Published 27 June 2023 by Hanna Kurlanda-Witek

Room for Improvement: The Importance of Diversity and Mentoring in Science

The panel discussion on diversity marked the start of the #LINO23 scientific programme.

The first session at #LINO23 was a panel discussion on a topic that’s been very popular in the last few years, and still generates plenty of debate: diversity in science. The commitment to diversity is stipulated in Goal 8 of the Lindau Guidelines − support all talent, regardless of its background, in an inclusive, diverse and non-discriminatory manner (

The panel was made up of four Nobel Laureates: Emmanuelle Charpentier, Martin Chalfie, Christiane Nüsslein-Volhard, and Harold Varmus; as well as two Young Scientists: Rasha Shraim and Marwa Shumo, and was moderated by Nkechi Madubuko. The lively discussion was enriched by an audience of several hundred Young Scientists, who were asked to answer questions or vote live via mentimeter.

Nobel Prizes Not Spread Equally Throughout the World

As food for thought, the audience was shown a slide with the number of Nobel Prizes won by scientists and writers from particular countries. The United States takes a strong lead, with 403 Nobel prizes, followed by the United Kingdom (137), Germany (114), and France (72). At the end of the list, India and South Africa have 11 Laureates each. The panel mostly agreed that the simple reason for these numbers is that the US has forged an environment that’s very favourable for research, and not just for Americans. As Martin Chalfie pointed out, many US Nobel prize winners are actually foreign-born. In that case, is winning a Nobel Prize a result of excellent funding and resources, such as equipment? Emmanuelle Charpentier explained that it is an important factor, but “you need to be at the right time, at the right place, with the right people.”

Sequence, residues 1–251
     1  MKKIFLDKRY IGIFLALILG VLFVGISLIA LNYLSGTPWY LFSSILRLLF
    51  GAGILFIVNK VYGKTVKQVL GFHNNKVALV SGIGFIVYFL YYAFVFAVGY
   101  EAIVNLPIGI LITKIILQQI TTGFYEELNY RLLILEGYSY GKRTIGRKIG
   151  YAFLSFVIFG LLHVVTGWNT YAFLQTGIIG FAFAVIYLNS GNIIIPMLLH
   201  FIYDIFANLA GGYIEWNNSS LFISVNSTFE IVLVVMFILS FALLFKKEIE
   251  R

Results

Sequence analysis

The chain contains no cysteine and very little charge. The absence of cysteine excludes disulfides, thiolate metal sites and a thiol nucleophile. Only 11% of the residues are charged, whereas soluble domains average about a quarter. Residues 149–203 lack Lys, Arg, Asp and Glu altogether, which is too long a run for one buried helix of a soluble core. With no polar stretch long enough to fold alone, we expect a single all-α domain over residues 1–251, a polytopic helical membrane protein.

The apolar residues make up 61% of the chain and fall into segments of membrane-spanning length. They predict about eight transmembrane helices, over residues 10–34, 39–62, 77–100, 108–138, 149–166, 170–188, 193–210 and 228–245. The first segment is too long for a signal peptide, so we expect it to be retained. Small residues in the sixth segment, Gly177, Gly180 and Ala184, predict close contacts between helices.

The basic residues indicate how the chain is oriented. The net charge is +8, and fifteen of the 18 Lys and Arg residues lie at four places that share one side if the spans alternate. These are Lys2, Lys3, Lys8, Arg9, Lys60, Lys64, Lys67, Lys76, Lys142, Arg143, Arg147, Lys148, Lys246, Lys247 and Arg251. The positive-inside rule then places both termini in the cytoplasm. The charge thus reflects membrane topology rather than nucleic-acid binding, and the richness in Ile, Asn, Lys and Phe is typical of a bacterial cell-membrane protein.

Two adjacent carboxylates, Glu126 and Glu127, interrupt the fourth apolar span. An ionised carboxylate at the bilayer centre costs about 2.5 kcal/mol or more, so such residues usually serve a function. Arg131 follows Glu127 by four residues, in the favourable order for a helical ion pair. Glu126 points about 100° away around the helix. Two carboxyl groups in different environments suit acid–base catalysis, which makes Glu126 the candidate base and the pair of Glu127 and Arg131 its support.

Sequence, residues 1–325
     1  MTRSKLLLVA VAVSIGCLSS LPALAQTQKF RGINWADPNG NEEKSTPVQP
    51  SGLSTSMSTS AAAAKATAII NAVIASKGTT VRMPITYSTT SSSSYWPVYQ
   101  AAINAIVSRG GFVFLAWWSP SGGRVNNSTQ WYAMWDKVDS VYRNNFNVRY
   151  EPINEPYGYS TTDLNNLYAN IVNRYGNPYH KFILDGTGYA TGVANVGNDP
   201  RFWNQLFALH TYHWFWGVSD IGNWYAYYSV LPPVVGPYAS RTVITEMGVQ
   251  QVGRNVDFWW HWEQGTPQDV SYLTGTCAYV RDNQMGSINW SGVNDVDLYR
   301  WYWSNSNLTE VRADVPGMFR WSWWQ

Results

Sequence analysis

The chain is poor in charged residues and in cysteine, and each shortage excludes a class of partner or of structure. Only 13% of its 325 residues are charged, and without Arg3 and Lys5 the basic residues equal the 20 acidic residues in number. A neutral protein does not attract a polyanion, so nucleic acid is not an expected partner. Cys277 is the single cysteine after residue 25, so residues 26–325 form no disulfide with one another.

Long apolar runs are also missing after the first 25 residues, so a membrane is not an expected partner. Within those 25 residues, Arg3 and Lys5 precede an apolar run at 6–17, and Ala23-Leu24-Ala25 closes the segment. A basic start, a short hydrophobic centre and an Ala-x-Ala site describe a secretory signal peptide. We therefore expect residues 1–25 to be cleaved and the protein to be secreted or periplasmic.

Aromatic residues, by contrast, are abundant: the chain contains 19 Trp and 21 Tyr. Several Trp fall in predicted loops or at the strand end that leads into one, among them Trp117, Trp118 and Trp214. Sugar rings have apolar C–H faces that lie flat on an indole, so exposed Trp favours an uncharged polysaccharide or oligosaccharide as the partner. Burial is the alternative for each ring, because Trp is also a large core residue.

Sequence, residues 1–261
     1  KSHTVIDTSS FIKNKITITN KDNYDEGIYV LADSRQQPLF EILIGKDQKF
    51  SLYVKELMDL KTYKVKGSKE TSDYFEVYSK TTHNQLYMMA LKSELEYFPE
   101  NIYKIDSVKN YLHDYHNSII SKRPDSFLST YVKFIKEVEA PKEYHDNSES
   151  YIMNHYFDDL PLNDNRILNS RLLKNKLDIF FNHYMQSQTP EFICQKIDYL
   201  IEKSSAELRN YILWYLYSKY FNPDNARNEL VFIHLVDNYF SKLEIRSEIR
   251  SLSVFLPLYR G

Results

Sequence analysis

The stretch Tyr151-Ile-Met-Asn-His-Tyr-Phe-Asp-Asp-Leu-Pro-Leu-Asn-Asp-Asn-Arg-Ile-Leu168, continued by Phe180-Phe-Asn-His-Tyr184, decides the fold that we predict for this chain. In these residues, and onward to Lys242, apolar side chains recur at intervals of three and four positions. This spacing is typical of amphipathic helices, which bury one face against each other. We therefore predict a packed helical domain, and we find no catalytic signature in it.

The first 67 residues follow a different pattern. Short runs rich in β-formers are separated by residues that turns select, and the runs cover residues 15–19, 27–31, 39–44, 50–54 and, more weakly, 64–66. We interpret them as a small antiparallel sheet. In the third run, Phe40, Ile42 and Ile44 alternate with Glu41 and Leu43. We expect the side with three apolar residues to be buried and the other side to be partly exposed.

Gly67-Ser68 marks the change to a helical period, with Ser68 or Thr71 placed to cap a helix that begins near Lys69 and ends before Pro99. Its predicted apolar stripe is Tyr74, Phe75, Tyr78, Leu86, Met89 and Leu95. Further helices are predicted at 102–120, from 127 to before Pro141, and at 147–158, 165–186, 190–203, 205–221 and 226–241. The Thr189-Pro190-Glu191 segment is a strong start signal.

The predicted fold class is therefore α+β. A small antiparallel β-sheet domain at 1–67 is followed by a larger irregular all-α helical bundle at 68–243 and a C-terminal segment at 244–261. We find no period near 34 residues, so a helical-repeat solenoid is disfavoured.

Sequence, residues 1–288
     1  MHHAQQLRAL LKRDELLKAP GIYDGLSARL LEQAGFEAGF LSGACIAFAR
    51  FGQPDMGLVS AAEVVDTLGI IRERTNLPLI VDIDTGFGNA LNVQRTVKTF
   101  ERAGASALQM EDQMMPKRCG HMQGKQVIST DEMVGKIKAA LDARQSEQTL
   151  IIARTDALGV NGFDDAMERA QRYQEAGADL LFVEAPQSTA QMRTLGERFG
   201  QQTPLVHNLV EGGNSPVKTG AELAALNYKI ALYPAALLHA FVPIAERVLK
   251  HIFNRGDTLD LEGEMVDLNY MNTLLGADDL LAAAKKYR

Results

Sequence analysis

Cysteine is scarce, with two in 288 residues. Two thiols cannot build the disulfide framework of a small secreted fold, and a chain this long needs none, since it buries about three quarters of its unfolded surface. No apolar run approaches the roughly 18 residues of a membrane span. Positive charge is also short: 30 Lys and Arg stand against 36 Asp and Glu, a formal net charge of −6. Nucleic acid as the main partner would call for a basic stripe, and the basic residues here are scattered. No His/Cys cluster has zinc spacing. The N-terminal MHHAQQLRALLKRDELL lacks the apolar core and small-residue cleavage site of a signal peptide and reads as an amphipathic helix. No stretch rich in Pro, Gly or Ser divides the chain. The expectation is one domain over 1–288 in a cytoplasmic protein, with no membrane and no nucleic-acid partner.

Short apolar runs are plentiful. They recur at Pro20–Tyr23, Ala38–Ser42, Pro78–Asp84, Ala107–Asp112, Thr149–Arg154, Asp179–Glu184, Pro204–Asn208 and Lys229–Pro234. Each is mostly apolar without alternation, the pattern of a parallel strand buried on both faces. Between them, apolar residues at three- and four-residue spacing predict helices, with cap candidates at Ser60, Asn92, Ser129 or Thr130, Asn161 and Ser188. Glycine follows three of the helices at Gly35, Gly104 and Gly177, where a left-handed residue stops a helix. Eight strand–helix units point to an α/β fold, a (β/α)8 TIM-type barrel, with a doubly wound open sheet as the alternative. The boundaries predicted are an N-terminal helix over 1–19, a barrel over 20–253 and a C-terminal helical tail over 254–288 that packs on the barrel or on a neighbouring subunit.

Stepping Stones to Diversity

Most of the audience agreed to the statement that diversity dimensions are important for scientific success, but the Nobel Laureates put forward the opinion that there are many successful scientists who don’t care much about diversity. Christiane Nüsslein-Volhard expressed how diversity has enriched universities in Germany, with half of all students from another country, a great leap forward in just a few decades.

The moderator with the two Young Scientists during the panel discussion
The Young Scientists Rasha Shraim and Marwa Shumo with the moderator of the discussion, Nkechi Madubuko.

But there is much more to be done, and this was emphasised by the Young Scientists. Marwa Shumo, a Sudanese researcher working in Berlin, said there are many facets of diversity and inclusivity that have to be addressed other than nationality, such as race and religion. Rasha Shraim, a PhD student from Ireland, explained how much easier it is to apply for opportunities from Ireland, than from her home country of Lebanon. Visa requirements, money, language, politics: there are many barriers faced by researchers, particularly from low- and middle-income countries.